One Last Out-of-State Recon for 2017

One of the disadvantages of living in one of Fenn’s Rocky Mountain states is not having travel costs as an excuse not to head out and look for that damned treasure.

If we had to, we could be in Brown’s Canyon (CO) in 5 hours, Sinks Canyon (WY) in 11, and Gardiner (MT) in 14.

We promised ourselves a return trip to a couple of the out-of-New Mexico (out of 7 total) recons we’ve been on this year. Seems to us that this is as good a time as any, considering snow has fallen on Yellowstone, and a serious Autumn is ever drawing nigh. And, being retired, it’s not like I had a bunch of party plans anyway.

So, we’ll be out of pocket for several days, although our vlog will still release on Wednesday of next week. Who knows, we might even have another mini-treasure for you to find.

Yes, I realize this is the antithesis of my “The treasure is in New Mexico” theory, but, in all honesty, I’m taking my fly rod and a bunch of #14 Frenchie Nymphs with me. There are a river full of Cutthroat Trout up there that could use some catchin’.

Like Fenn says, I’m feeling like my elbow needs some room.

How Long Will Forrest Fenn’s Trasure Poem Live? Not Long Enough.

Forrest Fenn's Treasure Poem in "The Thrill of the Chase."

As a result of research we have conducted during several of our most recent recons, we have come to the conclusion that Fenn’s Treasure Poem (and, inherently, the alleged nine clues in the poem) has a limited life.

We believe some of the directional clues in the third stanza will be neutralized in as little as 25 years. We believe they will all be completely neutralized in as little as 100 years.

We further believe some of the environmental clues in the fourth stanza will be neutralized in as little as 100 years, although some, e.g., the blaze, may live as long as 1,000 years.

We believe that, although it was not necessarily done with intent, we are confident that Fenn would have been aware of the treasure poem’s limitations.

Fenn has often indicated his desire for the treasure to remain hidden for 1,000 years. Fenn has never indicated that the value of his treasure poem has the same longevity.

It is very likely that if one of your grandchildren finds the treasure, they will have accidentally stumbled upon it. Unless, of course, you have passed on your notes, your solutions, and your desire to seek fame and fortune.

Perhaps someone can ask the question of him at his book signing at the Collected Works Bookstore in Santa Fe on November 2nd.

Click here to subscribe to our YouTube Channel for an upcoming video on the subject.

Why Fenn has “gone quiet.”

Shelley and Forrest, Santa Fe, May 18, 2017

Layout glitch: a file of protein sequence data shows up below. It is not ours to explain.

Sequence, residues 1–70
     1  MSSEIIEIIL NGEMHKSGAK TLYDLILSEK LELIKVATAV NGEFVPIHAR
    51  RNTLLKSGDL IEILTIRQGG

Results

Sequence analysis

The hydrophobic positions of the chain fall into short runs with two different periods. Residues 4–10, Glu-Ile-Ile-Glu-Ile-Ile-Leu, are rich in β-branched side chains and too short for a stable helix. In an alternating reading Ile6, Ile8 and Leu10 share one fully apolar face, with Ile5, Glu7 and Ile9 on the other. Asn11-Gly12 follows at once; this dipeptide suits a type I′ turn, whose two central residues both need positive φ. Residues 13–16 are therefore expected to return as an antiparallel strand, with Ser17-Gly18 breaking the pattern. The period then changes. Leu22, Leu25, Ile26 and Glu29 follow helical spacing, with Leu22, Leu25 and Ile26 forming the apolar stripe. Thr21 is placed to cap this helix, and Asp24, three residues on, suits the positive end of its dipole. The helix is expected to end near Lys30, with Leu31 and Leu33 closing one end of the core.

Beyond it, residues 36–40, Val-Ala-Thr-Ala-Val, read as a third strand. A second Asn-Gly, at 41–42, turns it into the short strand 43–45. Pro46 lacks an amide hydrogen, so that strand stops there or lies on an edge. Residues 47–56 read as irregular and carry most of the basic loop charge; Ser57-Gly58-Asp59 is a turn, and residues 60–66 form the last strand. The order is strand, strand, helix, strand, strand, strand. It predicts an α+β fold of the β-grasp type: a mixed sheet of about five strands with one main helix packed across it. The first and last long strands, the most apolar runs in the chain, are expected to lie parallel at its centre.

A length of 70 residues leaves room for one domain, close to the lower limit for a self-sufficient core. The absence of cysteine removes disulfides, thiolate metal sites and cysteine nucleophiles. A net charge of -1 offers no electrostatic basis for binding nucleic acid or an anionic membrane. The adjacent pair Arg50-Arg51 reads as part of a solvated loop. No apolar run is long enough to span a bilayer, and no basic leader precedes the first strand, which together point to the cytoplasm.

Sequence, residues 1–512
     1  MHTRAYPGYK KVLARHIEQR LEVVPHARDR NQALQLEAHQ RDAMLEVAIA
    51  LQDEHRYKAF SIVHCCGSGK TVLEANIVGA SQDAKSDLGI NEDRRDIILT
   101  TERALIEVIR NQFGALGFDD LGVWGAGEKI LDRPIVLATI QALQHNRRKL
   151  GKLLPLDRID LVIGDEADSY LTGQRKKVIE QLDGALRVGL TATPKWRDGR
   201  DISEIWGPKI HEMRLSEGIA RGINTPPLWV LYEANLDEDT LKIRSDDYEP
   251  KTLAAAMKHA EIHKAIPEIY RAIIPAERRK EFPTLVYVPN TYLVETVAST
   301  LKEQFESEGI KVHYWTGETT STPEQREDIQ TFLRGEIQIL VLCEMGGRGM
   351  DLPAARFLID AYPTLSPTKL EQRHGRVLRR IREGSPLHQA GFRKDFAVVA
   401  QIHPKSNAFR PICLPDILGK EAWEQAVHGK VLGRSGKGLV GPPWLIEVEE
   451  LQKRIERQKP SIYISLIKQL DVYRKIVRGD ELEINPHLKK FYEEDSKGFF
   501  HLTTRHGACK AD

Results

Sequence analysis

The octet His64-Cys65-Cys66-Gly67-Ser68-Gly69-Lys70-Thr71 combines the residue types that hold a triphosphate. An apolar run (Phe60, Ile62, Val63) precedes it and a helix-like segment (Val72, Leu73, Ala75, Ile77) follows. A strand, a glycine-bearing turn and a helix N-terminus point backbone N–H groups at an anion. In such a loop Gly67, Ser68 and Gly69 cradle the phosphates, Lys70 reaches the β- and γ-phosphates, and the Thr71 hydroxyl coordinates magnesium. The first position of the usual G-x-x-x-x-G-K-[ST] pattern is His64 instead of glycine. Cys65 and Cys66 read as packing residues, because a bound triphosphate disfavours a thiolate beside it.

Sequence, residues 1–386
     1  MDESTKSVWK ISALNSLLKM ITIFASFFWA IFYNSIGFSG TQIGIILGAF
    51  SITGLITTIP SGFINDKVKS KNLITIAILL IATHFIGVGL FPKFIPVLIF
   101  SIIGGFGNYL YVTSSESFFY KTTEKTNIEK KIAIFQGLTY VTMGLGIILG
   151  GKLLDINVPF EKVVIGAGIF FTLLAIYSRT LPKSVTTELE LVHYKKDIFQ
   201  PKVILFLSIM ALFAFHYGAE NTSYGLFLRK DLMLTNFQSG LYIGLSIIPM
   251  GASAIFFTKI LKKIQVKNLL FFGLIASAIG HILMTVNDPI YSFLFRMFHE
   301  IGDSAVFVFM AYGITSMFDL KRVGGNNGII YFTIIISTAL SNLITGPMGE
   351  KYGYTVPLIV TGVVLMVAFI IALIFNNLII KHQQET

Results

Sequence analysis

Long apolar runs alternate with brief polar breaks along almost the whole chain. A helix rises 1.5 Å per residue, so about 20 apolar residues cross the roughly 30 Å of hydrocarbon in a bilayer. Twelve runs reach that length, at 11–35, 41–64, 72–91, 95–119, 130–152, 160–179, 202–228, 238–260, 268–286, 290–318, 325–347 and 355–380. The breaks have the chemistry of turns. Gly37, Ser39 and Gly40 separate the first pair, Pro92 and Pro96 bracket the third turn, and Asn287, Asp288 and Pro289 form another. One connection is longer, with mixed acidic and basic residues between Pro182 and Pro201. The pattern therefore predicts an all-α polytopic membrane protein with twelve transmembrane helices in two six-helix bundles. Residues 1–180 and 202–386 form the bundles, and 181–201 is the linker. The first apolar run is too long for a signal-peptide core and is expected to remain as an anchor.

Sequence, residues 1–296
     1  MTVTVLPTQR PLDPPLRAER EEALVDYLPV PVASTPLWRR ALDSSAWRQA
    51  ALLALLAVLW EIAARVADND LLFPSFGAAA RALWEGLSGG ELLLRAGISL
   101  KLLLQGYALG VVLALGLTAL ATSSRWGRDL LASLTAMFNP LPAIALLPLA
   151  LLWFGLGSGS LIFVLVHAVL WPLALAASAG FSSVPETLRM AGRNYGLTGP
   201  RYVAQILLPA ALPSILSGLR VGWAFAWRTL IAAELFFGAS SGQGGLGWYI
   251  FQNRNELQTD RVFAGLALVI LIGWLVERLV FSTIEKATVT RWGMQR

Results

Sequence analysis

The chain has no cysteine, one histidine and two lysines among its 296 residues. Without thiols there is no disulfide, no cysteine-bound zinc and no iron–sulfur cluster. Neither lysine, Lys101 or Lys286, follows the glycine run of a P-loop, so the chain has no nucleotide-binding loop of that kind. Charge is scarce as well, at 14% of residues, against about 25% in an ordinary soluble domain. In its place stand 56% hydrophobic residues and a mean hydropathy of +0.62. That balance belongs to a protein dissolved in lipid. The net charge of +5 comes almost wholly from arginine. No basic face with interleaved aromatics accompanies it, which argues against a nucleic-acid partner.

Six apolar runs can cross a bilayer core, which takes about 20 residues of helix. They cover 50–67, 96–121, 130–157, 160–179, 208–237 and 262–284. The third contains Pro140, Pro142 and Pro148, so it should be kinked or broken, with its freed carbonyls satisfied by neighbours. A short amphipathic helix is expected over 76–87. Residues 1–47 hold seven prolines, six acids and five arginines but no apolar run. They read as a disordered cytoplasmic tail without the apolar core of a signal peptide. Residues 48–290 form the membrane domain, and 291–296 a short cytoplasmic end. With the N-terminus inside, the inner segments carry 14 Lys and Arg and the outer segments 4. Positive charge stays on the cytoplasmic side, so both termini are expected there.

There is much discussion in the various forums about how Fenn has recently, for lack of a better way to describe it, stepped back from the search. Surprisingly, to me, some have come to the conclusion that his standing down is due to the possibility that one or more of them has either “solved the poem” and Fenn has become aware the solution exists, or that the treasure has been found, and not announced.

I can assure you with a high level of confidence that, as of this writing, neither of those conditions is true.

No one has solved the poem.

The treasure has not been found.

The 200 foot rule still stands four years after he first said it in 2013. (Made more amazing by the fact that the “200 footers” have not returned to locate the treasure.)

Prove me wrong. Prove the treasure’s been found. No excuse or “explanation” will be good enough. Because, excuses equal bullshit.

In our opinion, Fenn made a conscious decision to step back from the search after the events of May 18, 2017 at the screening of “The Lure,” in Santa Fe. I was there and saw it all. I spoke with him that night about it. I exchanged emails with him for a few days afterwards.

His decision was reinforced by the media and community activity associated with the loss of the second searcher.

In addition, he’s 87. He suffered a bout with cancer. He’s missing a kidney. The end is drawing nigh. He’s done everything he needs to have done to ensure the treasure is one day found. Short of providing geographic coordinates, there is nothing more he can say that will make a difference in finding the treasure. Or, not.

He can, effectively, and comfortably, retire.

Let him go.

Why did Forrest Fenn put strands of his hair in the sealed olive jar?

The simplest answer: So his hair could be used as a basis for DNA testing to prove, without equivocation, that it was the owner of those strands of hair had placed the treasure in its hiding place.

That also means it is very likely that Fenn’s autobiography end’s with a paragraph something like this: